If you have never tasted Patricia's "Gin Tonic", my recommendation is not to, for reasons that will become blatantly obvious in the morning.
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Ladder Talk: 
1) What was the best part of your day?
Peter: That we came to Spain and the flight was good.
David: That we landed and could play in the pool.
Tom: That we came here to Spain, that Patricia is SO nice and that the house is so nice with the pool.

2) What was the worst part of your day?
Peter: That David was kinda grumpy at the end of the day.
David: That I accidentally did a belly flop and that hurts.
Tom: That Peter and David were the whole time dunking my head under the water.

3) What would you like to do tomorrow?
Peter: Play in the pool and maybe go to the city or the beach.
David: Play in the pool and maybe go somewhere and have fun.
Tom: I want to go in the pool and eat burger meat with the Beefer.

Friday, April 28, 2017

The Wheels on the Bus


In case it's not obvious, the kid screaming frantically at the back of the bus is Tommy, but more on that fun later.

For the last two weeks, we have been experimenting with letting Tommy use public transportation to get to his gymnastics training. This has worked fine so far. He meets a friend of his at the main square and they know which bus to get on and where they should get off. Should.

Today, Angie walked with Tommy to get the bus. While waiting, she got a frantic call from the other kid's mom that he was late. My quick-thinking wife then shoved Tommy on the bus and waited for the other kid.

The other kid showed up, but because he had missed the bus, Angie raced home with him and drove him to practice. I know, I know, this kind of defeats the purpose of having Tommy ride the bus to practice, but I'd really prefer if the witty comments calling logic into question come from you and not me. Anyway, Angie showed up to practice with late boy and ran up to the coach, who can bit, mmhh... let's just call it direct. 

'Where's Tommy?'

'That's your job to know.'

Angie searched for Tommy inside, then raced outside and tried calling the public transportation office.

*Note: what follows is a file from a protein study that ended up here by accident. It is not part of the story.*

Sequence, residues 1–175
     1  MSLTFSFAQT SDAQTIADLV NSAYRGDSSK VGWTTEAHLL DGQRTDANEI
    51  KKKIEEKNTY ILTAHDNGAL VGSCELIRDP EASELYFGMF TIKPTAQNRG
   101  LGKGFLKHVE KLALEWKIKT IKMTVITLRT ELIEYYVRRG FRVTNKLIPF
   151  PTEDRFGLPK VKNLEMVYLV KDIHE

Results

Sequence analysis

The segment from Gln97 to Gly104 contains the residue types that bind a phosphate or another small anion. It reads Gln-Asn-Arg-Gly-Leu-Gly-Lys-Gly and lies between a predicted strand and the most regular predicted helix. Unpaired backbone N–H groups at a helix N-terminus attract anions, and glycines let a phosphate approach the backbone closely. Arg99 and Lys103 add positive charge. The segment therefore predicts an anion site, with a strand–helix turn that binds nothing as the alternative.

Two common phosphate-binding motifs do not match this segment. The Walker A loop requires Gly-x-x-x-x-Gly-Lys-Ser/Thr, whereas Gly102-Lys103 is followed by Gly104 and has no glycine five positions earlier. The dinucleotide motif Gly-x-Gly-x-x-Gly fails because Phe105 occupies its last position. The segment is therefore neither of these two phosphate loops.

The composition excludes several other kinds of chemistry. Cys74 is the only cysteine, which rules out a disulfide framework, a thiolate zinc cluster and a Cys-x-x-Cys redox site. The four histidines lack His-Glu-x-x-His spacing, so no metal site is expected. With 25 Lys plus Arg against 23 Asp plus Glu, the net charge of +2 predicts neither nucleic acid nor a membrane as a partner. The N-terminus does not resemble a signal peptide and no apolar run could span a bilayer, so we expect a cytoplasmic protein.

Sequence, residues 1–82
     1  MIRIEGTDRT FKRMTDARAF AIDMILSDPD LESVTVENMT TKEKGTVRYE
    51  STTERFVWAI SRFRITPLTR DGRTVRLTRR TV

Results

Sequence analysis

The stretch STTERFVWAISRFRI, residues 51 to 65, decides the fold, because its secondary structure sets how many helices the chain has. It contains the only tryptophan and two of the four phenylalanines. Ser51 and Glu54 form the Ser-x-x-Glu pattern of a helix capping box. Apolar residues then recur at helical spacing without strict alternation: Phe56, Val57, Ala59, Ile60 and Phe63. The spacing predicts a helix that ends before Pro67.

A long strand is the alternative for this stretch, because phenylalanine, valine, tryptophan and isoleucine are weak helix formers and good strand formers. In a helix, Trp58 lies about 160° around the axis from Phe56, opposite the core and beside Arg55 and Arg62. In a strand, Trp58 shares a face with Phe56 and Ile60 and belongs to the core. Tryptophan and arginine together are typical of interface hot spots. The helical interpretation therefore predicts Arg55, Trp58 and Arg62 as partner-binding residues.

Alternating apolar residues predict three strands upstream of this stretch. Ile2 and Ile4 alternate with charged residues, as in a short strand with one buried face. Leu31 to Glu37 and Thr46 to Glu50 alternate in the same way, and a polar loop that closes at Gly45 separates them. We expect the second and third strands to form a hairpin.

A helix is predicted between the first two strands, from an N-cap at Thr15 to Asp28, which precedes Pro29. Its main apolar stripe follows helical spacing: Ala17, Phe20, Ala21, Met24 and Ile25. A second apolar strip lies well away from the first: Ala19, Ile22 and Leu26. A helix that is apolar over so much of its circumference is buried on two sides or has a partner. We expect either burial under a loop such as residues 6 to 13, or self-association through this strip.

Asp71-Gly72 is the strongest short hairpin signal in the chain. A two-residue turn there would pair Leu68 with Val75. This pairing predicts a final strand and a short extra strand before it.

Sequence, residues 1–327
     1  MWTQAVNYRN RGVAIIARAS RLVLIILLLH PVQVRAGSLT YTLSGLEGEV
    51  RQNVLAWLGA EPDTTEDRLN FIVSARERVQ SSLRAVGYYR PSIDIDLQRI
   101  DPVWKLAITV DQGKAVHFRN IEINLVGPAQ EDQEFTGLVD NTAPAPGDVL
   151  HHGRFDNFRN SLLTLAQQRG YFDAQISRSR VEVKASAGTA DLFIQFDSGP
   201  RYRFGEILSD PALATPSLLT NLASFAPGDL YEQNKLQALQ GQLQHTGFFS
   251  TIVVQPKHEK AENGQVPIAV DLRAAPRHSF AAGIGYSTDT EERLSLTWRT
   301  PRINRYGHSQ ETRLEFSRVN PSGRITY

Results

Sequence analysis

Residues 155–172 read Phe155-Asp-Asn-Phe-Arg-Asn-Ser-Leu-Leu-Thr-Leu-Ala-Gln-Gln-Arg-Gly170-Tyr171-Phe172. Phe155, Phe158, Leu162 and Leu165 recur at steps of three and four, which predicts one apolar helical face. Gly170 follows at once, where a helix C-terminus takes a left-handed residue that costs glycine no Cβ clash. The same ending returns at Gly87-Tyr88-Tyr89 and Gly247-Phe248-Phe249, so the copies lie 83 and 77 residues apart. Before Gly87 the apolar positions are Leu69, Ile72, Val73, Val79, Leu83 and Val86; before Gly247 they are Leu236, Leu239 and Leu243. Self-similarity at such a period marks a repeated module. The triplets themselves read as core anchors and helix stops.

'If you would like to access bus schedules, press 1...'

'If you would like to organize a private event, press 2...'

At this point, Angie was hyperventilating, and not in the funny way. 

'If you have lost a child on one of our buses, please press 3...'

BINGO!

Angie was pacing the sidewalk outside the gym and trying her damnedest not to scream at the first human that talked to her. Halfway though what I can only imagine was a mix between a death threat and a plea, Angie saw a tiny dot on the horizon. The dot grew bigger and bigger and as it came closer, Angie noticed that it was moving incredibly fast. When it came even closer, she saw that it was Tommy and hung up the phone.

See, up until now, Tommy has ridden the bus with his friend and everything worked out fine. The bus stopped in front of the gym and they got out. Easy, peasy. The problem, as it tends to be, is that we are in Germany. Buses only stop at a station if someone on the bus pushes a button that tells the driver that someone would like to exit the bus. Up until today, there has always been someone who needed to get off, so everything worked fine. Today, nobody apparently needed to get on or off at that bus station, so the driver simply drove on. Tommy, being the smart kid that he knows he is, picked up on this shortly after the bus flew past his gym. 

The wheels on the bus go round and round,
round and round,
round and round.
The wheels on the bus go round and round,
all through the town.

Monday, April 17, 2017

Monday Madness

Mondays suck. Period. The fact that today was a holiday just means that Tuesday will suck. It also means that a simple plan to go to an art exhibition was a lot like allowing Angie into the kitchen - sounds innocent, but inevitably ends in disaster.

Our fun started at 11:30 when we were supposed to pick up Angie's aunt. I pointed out to my lovely wife when she got out of the shower at 11:15 that Heidi lives about an hour away and we still had to pick up her mom along the way. Angie has a real knack for ignoring problems that involve math, logic, or admitting guilt, so my subtle attempt at getting the show on the road was a problem that she ignored.

We eventually rounded up everyone and arrived in Frankfurt. Gramms has a thing for Mexican food, so she suggested going to Chipotle's for lunch. Chipotle's might be a dime a dozen in States, but in Germany, it's almost as rare a finding an honest politician. 

We parked at the Skyline Plaza and admired the skyline view as we took the emergency exit down to the street level.